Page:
More young people out of work in city
Youth unemployment has soared in Christchurch, despite nearly 9000 young people leaving the city last year.
The Education Ministry has proposed building stronger relationships between schools and tertiary providers to halt the worrying trend, saying the situation can not be allowed to continue.
The number of Cantabrians aged 15 to 24 in employment has dropped by 12,300, the September 2011 Household Labour Force Survey revealed.
The fall comes despite 8700 people in the age bracket leaving the city last year.
The draft Education Renewal document, issued by the ministry, stressed encouraging pupils to explore vocations at school to ease the transition between education and work.
"The period has seen a fall in the youth population, increased disengagement from the labour market and a sharp reduction in the number of young people in employment," it said.
"Industries such as tourism and hospitality that have traditionally employed unskilled labour have been hit hard by the earthquakes and will take years to recover."
Education Secretary Lesley Longstone said the Government recognised traditional NCEA pathways did not suit all pupils, and some needed the opportunity to pursue vocations.
''For those for whom school is a second option and want to be working instead of classroom learning .... we need to encourage that," she said.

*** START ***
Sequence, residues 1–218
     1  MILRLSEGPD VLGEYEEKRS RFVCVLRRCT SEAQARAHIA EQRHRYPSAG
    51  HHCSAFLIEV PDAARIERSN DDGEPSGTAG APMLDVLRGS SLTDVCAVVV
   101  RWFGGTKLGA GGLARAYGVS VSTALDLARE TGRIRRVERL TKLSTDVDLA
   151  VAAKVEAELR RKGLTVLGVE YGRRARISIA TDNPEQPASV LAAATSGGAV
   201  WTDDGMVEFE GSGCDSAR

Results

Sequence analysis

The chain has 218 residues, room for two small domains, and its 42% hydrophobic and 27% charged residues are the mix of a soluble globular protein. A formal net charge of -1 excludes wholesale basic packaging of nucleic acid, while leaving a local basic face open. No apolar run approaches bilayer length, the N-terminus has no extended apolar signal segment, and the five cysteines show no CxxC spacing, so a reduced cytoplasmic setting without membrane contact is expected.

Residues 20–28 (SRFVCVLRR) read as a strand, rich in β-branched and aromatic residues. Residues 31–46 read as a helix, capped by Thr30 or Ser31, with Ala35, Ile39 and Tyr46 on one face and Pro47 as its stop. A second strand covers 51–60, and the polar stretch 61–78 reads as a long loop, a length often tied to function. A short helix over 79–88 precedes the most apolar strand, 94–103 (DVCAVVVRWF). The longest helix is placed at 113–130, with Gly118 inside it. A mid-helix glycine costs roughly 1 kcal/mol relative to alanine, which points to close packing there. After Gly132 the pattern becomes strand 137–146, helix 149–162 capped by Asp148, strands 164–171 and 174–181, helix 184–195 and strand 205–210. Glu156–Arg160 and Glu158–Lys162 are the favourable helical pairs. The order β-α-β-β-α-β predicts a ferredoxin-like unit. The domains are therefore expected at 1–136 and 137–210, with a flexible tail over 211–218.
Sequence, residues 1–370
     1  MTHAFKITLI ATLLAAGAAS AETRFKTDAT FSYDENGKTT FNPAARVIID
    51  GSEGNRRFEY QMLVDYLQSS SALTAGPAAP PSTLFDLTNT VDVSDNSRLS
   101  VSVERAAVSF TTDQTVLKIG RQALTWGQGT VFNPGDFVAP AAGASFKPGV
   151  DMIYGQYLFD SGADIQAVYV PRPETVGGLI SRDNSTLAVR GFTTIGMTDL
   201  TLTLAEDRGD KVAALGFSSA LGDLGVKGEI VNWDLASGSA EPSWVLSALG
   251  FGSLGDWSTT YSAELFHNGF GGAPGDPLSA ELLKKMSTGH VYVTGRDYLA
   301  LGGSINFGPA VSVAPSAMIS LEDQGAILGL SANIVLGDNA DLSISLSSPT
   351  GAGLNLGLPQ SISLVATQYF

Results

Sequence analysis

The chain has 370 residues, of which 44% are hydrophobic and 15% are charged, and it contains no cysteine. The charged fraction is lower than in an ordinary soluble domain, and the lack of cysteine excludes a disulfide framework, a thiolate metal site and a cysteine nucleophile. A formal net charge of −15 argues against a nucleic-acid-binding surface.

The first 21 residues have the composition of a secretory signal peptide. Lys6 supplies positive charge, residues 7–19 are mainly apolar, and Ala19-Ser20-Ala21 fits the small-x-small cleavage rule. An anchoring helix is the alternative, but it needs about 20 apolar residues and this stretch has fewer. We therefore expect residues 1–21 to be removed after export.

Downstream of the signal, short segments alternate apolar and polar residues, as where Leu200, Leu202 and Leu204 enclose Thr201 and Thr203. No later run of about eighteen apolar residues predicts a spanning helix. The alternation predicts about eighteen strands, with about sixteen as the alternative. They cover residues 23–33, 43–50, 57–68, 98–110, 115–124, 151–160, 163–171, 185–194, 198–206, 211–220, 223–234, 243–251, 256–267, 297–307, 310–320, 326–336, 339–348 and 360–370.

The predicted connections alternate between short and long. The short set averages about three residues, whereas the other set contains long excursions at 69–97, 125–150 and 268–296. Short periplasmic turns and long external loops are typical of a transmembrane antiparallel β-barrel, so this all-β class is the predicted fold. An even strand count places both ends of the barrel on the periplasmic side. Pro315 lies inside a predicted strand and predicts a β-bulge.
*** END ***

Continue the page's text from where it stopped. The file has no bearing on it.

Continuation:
Murray Hobbs was considered a rebel when 12 years ago he established a mechanical engineering class at Linwood College.
Demand for places in the class is now so high the head of materials technology and vocational trades is forced to turn pupils away.
He said the Government's plan to encourage better pathways from education to work was a step in the right direction.
"This year we have a couple of lost souls, school is not for them and you can slowly see them starting to turn around when they enrol for trades," Hobbs said.
"Students still have the school community and access to sports teams and advice, but are also being trained for a vocation which gives them a sense of purpose.
"Now in schools, not a huge majority of students are leaning towards university. They want to learn a vocation."
Forty year 12 pupils are enrolled in the school's vocational courses, studying mechanical or automotive engineering, or building and construction.
Pupils work eight hours a week in the workshop, while studying four NCEA subjects.
They spend Fridays on work experience.
The aim is that pupils leave school with solid level two NCEA results and a level two National Certificate, the equivalent of pre-trade qualifications. Many have already secured apprenticeships because of the weekly work experience.
Hobbs' pupil Elijah Neame is only 16, but already has his sights on a career. The year 12 pupil is studying engineering and plans to apply for a job in metal fabrication.
"My thing is metal. I'm not that great at maths and English but I'm doing the best that I can do," he said.